31 January 2014

Soldiers Discovered Behind A Wall In Freetown, Virginia

I knew that title would grab attention. This is one of the coolest and most interesting stories I've come across in a long time - at least in regards to local history and artifacts. An acquaintance of mine (who shares my passion for archeology, relic hunting and metal detecting), recently made what I consider an amazing discovery in the wall of a house he purchased for renovation. The home is located in an area of Albemarle County, Virginia known as "Freetown." The area itself has some interesting history.  The home was built in 1875 and will be under restoration for a while. A chimney on the site dates back to the 1820's. All of the houses in this area were owned and built by black families during the reconstruction period after the Civil War, War for Southern Independence, thus the name "Free Town." 

So, in addition to some discoveries he'd already made, my acquaintance just very recently found a burlap Morton salt bag, tied with bailing twine and secreted away in a wall. Inside, he found toy lead soldiers in excellent condition. These soldiers look similar to the ones melted down for musket balls in the Mel Gibson film, The Patriot


Oh, the stories those soldiers could tell.

Here's an excerpt from a 2010 article about the community just over the Blue Ridge from my home:
Richard Brown began his first day in the world in 1935 in Freetown, a little community of some dozen or so houses behind Brownsville Market. He’s never left it. His parents were born there, too. And his grandparents set up together in married life there, according to their family Bible, in 1869. Brown isn’t sure if the Civil War freed them from slavery, but he thinks not. They were already free. That’s the way the family remembers it.
You can read more about the history of this community, and efforts to preserve it, here.

Stand by for follow up and screen shots over the War for Southern Independence debate. Coming soon.

30 January 2014

Follow Up On War Between The States, Civil War & War For Southern Independence

*Update: Now, another update. Kevin has deleted the post referenced below. Not to worry. As he pointed out previously, hitting the delete button don't quite cut it these days. I saved the post to my hard drive because I suspected he might delete it. I'll wait and see if he decides it would be better to put it back up. If not, I'll treat him the same way he treated Ted Savas and post a screenshot here. Stay tuned.

End of update.

This has become quite interesting. (See these posts here and here.) And Kevin Levin's most recent mea culpa: [Which he just deleted]


Ah, ah, ah . . . not so fast there partner:


A salute to Kevin for acknowledging [before he deleted his acknowledgement] his error and the fact that Professor Sinisi makes a compelling argument for calling the Civil War, The War for Southern Independence:



Yes, it is compelling and a must read for those interested in the topic. It is stated much more eloquently than I could have done, but the fundamental argument is the same as I've stated. I am, apparently, in good company and on strong "scholarly" ground. In the good Professor's argument he pointed out the following:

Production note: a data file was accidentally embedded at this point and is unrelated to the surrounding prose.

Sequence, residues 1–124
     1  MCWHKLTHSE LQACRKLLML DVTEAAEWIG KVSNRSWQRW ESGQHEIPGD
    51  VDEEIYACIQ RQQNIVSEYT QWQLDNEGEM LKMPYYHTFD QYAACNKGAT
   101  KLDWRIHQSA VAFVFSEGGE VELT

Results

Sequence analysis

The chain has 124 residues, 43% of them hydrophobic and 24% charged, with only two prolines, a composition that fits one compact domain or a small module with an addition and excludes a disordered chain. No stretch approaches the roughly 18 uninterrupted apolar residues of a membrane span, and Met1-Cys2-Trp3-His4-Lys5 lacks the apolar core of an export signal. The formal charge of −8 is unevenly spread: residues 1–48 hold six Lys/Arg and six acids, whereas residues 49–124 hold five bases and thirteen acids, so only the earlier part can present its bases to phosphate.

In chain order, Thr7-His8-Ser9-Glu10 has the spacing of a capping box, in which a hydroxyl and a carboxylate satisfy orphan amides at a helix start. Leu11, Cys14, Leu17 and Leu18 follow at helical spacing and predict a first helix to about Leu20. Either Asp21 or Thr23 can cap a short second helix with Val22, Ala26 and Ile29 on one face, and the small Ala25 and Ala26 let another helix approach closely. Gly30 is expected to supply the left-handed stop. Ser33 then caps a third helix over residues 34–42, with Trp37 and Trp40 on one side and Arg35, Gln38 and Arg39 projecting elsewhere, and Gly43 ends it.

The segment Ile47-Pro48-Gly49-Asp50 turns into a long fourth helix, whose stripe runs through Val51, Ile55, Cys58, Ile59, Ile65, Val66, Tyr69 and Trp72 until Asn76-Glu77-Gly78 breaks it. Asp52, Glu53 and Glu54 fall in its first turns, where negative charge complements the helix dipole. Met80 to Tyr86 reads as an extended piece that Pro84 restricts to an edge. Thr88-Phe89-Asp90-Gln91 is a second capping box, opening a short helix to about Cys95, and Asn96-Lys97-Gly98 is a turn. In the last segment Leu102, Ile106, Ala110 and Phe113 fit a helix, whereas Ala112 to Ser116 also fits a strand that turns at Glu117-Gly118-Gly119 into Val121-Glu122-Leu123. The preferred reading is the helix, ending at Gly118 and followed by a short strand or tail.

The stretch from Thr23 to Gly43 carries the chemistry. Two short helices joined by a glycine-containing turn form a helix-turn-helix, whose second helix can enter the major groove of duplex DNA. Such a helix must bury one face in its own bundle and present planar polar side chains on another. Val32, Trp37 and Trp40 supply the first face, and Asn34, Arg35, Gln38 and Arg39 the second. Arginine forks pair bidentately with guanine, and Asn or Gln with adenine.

What is truly odd is that significant numbers of historians will acknowledge the correctness of the terminology of War for Southern Independence in their letters . . . use the terminology on the cover of their books and in the pages of their books, but are essentially told you can’t put it in the course catalog.

 Let’s take a look:

Richard McMurry, John Bell Hood and the War for Southern Independence (U of Nebraska Press, 1992)

 Carl Degler in Out of our past: the forces that shaped modern America   (1984; 3rd edition)     (Pulitzer Prize winner: Neither Black nor White: Slavery and Race Relations in Brazil and the United States.)

 “The Civil War was actually the War for Southern Independence.” (198)

 Stephen Sears, Landscape Turned Red   (1983) 

 “The enemy was demonstrating a grim determination to turn a war for Southern Independence into a revolution against Southern institutions.” (59)

 William Pencak, ed. Encyclopedia of the Veteran in America, vol 1 (2009) ABC Clio           

 When looking at the contributions of Hispanics noted “Equally important were Hispanic sons of the South and their respective contributions during the War for Southern Independence.” (222)

 Howard Jones in Abraham Lincoln and a New Birth of Freedom: The Union and Slavery in the Diplomacy of the Civil War (U of Nebraska Press, 1999)

 “South Carolina’s dramatic announcement of secession from the Union in December 1860 ultimately led to a war for southern independence.” (3)

 Edwin Davis, Heroic Years: Louisiana in the War for Southern Independence (1964)

 John Shelton Reed, ed. , Regionalism and the South: Selected Papers of Rupert Vance (UNC Press, 1982)

 “The Taylor family came from east Tennessee, dark and bloody ground of the War for Southern Independence.”

Eugene Genovese, The Political Economy of Slavery (Wesleyan UP; 2nd ed., 1989)

 “Neither of the two leading interpretations, which for many years have contended in a hazy and unreal battle, offers consistent and plausible answers to recurring questions, especially those bearing on the origins of the War for Southern Independence.” (14) and 11 other such references in the book.

 Leon Litwack, Trouble in Mind: Black Southerners in the Age of Jim Crow (Knopf, 1998) and

Pulitzer Prize winner for Been in the Storm so Long: The Aftermath of Slavery

 “With the ‘surrender,’ as blacks called it, the War for Southern Independence and the enslavement of black men and women both came to an end.” (2)

 James Green in Death in the Haymarket: A Story of Chicago, the First Labor Movement, and the Bombing that Divided Gilded Age America (Random House, 2006)